“Come out, come out! I cannot come in, for I must dance!
And the Executioner said,—
“You probably don’t know who I am? I cut off the bad people’s heads with my axe, and mark how my axe rings!”
“Do not strike off my head,” said Karen, “for if you do I cannot repent of my sin. But strike off my feet with the red shoes?”
And then she confessed all her sin, and the Executioner cut off her feet with the red shoes; but the shoes danced away with the little feet over the fields and into the deep forest.
And he cut her a pair of wooden feet, with crutches, and taught her a psalm, which the criminals always sing; and she kissed the hand that had held the axe, and went away across the heath.
“Now I have suffered pain enough for the red shoes,” said she. “Now I will go into the church that they may see me.” And she went quickly toward the church door; but when she came there the red shoes danced before her, so that she was frightened and turned back.
The whole week through she was sorrowful, and wept many bitter tears; but when Sunday came, she said,—
“Now I have suffered and striven enough! I think that I am just as good as many of those who sit in the church and carry their heads high.”
And then she went boldly on; but she did not get farther than the church yard gate before she saw the red shoes dancing along before her: then she was seized with terror, and turned back, and repented of her sin right heartily.
And she went to the parsonage, and begged to be taken there as a servant. She promised to be industrious, and to do all she could: she did not care for wages, and only wished to be under a roof and with good people. The clergyman’s wife pitied her, and took her into her service. And she was industrious and thoughtful. Silently she sat and listened when in the evening the pastor read the Bible aloud. All the little ones were very fond of her; but when they spoke of dress and splendor and beauty she would shake her head.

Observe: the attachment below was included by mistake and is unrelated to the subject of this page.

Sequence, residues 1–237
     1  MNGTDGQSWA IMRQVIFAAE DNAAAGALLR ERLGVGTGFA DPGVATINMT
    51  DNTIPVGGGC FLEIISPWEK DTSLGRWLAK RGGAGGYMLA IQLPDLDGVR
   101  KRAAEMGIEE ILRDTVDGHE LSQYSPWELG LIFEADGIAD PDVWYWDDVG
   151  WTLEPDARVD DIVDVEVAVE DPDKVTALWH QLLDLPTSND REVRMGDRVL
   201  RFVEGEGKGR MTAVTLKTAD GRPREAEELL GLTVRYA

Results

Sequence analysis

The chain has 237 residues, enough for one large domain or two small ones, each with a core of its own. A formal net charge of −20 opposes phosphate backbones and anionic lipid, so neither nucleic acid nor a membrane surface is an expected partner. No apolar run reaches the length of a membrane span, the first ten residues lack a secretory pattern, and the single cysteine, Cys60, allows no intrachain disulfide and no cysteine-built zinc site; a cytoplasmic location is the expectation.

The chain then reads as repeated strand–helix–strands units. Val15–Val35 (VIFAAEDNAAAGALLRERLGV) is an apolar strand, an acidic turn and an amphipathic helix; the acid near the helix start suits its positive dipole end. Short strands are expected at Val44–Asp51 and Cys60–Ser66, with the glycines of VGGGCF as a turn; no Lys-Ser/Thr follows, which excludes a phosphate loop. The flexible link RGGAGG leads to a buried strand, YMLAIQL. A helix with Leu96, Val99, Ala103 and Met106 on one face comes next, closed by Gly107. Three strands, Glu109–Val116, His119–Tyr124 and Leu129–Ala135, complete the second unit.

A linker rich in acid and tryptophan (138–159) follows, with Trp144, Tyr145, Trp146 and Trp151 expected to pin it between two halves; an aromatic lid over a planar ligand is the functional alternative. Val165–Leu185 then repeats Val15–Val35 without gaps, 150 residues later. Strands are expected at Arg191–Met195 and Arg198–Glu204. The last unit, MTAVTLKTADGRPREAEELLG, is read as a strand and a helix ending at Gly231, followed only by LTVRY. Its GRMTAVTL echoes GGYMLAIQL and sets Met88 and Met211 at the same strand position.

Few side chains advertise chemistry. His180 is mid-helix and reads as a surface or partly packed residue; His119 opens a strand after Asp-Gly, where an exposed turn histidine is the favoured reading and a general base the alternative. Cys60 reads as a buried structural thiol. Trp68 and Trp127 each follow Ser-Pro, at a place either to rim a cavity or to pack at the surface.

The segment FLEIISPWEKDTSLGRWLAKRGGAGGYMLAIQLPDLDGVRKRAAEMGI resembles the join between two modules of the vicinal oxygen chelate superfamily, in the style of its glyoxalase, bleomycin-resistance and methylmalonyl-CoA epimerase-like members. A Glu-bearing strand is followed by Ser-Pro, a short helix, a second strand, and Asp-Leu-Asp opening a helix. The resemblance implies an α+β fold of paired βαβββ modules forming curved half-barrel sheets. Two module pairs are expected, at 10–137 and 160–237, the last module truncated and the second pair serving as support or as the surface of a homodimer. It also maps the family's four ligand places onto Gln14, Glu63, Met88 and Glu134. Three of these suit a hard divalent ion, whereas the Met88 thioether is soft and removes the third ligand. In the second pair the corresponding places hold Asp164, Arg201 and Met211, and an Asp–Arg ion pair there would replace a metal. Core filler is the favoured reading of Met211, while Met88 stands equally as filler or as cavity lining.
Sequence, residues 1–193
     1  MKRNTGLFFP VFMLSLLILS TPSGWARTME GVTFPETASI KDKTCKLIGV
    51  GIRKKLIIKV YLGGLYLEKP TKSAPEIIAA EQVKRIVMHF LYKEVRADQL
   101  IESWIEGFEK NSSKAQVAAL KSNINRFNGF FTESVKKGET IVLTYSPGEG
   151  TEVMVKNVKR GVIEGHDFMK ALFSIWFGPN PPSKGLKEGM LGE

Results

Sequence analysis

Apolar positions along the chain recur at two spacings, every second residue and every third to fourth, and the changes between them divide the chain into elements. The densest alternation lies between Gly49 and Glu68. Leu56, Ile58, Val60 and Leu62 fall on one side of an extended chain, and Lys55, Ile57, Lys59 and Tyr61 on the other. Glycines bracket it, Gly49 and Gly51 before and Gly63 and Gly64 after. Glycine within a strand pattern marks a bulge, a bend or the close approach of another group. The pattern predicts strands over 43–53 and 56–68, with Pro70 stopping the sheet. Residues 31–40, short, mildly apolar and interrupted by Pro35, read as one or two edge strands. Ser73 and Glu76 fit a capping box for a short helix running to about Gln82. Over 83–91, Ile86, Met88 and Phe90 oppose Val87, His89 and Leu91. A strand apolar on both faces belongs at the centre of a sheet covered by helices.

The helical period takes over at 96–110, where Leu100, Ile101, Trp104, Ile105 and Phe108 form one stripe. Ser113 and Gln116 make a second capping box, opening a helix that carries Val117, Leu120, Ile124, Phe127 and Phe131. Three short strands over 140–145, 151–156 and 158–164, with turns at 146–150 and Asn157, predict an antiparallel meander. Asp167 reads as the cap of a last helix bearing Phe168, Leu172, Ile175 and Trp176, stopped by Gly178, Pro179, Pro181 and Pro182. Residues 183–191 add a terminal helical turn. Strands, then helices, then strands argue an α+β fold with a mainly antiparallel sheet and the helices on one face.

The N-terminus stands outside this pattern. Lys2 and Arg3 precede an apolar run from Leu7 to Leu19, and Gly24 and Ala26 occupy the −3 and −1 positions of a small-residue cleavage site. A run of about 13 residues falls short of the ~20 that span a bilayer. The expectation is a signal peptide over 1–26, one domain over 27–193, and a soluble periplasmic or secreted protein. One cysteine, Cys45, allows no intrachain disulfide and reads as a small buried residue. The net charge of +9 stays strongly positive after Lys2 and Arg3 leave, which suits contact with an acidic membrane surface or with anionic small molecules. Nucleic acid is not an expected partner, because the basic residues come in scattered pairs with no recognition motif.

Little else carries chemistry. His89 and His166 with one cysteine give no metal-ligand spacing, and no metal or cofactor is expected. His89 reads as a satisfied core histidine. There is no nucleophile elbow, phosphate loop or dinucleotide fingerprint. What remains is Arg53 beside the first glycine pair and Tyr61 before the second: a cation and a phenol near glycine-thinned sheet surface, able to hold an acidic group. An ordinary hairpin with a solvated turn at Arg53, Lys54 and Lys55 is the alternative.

Next Sunday they all went to church, and she was asked if she wished to go too; but she looked sadly, with tears in her eyes, at her crutches. And then the others went to hear God’s world; but she went alone into her little room, which was only large enough to contain her bed and a chair. And here she sat with her hymn-book; and as she read it with a pious mind, the wind bore the notes of the organ over to her from the church; and she lifted up her face, wet with tears, and said,—
“O Lord, help me!”
Then the sun shone so brightly; and before her stood the Angel in the white garments, the same she had seen that night at the church door. But he no longer grasped the sharp sword: he held a green branch covered with roses; and he touched the ceiling, and it rose up high and wherever he touched it a golden star gleamed forth; and he touched the walls, and they spread forth widely, and she saw the organ which was pealing its rich sounds; and she saw the old pictures of clergymen and their wives; and the congregation sat in the decorated seats, and sang from their hymn-books. The church had come to the poor girl in her narrow room, or her chamber had become a church. She sat in the chair with the rest of the clergyman’s people; and when they had finished the psalm, and looked up, they nodded and said,—
“That was right, that you came here, Karen.”
“It was mercy!” said she.
And the organ sounded its glorious notes; and the children’s voices singing in chorus sounded sweet and lovely; the clear sunshine streamed so warm through the window upon the chair in which Karen sat; and her heart became so filled with sunshine, peace, and joy that it broke. Her soul flew on the sunbeams to heaven; and there was nobody who asked after the Red Shoes.